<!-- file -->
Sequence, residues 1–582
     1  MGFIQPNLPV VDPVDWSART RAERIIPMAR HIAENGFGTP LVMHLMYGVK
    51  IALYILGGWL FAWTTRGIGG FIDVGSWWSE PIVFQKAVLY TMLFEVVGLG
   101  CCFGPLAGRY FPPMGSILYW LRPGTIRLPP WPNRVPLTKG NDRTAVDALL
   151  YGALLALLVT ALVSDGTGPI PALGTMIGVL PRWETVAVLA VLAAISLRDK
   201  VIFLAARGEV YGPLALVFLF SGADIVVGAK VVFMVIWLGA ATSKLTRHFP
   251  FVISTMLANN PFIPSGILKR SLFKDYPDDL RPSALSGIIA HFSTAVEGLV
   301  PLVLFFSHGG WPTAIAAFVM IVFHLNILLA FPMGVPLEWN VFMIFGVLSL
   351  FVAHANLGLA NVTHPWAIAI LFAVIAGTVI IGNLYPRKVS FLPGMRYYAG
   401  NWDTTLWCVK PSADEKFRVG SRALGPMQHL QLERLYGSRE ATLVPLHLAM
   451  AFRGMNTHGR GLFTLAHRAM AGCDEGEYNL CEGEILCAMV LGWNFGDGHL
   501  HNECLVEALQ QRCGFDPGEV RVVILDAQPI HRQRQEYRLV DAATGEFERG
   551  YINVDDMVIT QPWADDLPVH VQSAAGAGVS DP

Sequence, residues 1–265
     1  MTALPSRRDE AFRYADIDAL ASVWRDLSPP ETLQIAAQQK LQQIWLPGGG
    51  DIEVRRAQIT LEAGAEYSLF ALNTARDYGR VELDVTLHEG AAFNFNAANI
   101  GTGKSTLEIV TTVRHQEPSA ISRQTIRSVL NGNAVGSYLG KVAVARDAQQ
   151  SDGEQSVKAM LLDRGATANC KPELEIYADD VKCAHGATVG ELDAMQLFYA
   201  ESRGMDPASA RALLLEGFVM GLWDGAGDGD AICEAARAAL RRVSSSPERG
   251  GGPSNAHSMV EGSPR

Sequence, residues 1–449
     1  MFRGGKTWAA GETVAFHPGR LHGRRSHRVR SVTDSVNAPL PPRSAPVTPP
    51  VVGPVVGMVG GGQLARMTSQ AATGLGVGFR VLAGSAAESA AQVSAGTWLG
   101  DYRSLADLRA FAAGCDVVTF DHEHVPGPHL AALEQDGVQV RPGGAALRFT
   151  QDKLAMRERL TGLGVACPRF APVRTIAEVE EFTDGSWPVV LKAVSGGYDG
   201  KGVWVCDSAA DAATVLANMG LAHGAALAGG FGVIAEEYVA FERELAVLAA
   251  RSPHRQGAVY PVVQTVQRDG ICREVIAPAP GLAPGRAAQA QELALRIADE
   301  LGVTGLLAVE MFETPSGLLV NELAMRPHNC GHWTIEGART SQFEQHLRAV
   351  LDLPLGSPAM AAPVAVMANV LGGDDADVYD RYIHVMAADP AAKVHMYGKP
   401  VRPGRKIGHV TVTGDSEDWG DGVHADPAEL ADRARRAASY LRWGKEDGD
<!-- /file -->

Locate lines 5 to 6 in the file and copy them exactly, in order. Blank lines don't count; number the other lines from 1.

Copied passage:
   151  YGALLALLVT ALVSDGTGPI PALGTMIGVL PRWETVAVLA VLAAISLRDK
   201  VIFLAARGEV YGPLALVFLF SGADIVVGAK VVFMVIWLGA ATSKLTRHFP